The saddest spectacle on the voting rights front lately has been the sight of progressive voting rights “reformers” giving up the fight against photo ID laws. In the front ranks of these sunshine patriots (to cadge a phrase from Thomas Paine) have been former United Nations Ambassador Andrew Young and former President Bill Clinton, who recently came out in favor of forcing the Social Security Administration to issue photo IDs to citizens who request them. The argument is that Republican-sponsored voter ID laws are here to stay, so we might as well just make it easier for people to get photo IDs so they can exercise their right to vote. (The argument is also advanced by political scientist Norman Ornstein, co-founder of a voting rights group called WhyTuesday, which is chaired by Young.) We’ve described the numerous drawbacks of this sort of capitulation here and here. We called the Social Security photo ID thing “a terrible idea,” which got Young’s troupe of loyal supporters all upset. Now it turns out that photo ID laws may not, indeed, be here to stay. Over the last week, judges in three states have tossed them out, two of them on grounds that there’s no evidence that voter impersonation, the problem they supposedly address, even exists, and they’re plainly designed by the GOP to discourage voting by minorities and the poor. In other words, likely Democratic voters.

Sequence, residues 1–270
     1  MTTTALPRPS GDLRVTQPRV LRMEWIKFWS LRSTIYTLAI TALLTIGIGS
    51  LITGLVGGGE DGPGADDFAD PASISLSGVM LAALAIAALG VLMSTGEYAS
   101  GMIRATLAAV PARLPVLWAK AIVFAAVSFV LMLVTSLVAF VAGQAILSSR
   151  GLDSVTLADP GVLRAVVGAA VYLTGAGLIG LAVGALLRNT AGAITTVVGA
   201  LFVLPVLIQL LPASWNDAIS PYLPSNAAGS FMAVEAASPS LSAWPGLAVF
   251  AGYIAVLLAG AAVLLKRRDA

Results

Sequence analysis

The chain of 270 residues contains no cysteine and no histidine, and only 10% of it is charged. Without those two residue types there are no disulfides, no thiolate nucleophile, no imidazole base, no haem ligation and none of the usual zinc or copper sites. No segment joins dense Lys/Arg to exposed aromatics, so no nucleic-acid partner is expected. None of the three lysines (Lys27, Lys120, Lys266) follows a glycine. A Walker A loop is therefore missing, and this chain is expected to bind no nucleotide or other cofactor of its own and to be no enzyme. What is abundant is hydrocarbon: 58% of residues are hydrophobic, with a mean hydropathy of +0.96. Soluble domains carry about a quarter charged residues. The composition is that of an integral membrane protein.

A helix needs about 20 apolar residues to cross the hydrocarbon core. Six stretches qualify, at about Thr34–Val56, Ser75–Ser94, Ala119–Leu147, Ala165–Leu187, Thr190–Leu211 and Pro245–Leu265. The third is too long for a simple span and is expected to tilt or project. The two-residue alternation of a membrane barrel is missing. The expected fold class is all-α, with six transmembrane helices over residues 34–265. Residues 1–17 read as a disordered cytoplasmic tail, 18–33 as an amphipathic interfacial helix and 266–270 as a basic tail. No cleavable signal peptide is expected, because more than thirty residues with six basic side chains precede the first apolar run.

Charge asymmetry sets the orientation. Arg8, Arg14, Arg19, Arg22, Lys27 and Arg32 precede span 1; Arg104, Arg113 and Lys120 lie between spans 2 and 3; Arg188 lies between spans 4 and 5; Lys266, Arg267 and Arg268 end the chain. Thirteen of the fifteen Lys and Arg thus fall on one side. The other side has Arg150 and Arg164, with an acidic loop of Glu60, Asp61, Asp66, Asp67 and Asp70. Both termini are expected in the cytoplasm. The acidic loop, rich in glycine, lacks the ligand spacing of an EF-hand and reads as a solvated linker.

The most recent ruling is from Wisconsin, where U.S. District Judge Lynn Adelman ruled Tuesday that the state’s ID law violated the U.S. Constitution and the Voting Rights Act. Election law expert Rick Hasen of UC Irvine calls the ruling “the best possible opinion that opponents of voter identification laws could have hoped for.”
Adelman found that “virtually no voter impersonation occurs in Wisconsin and it is exceedingly unlikely that voter impersonation will become a problem in Wisconsin in the foreseeable future.”
On the other hand, some 300,000 Wisconsin voters would be disadvantaged by the need to acquire a photo ID, typically from the state DMV. That means taking time off to go to their local office, producing a birth certificate — which many don’t have.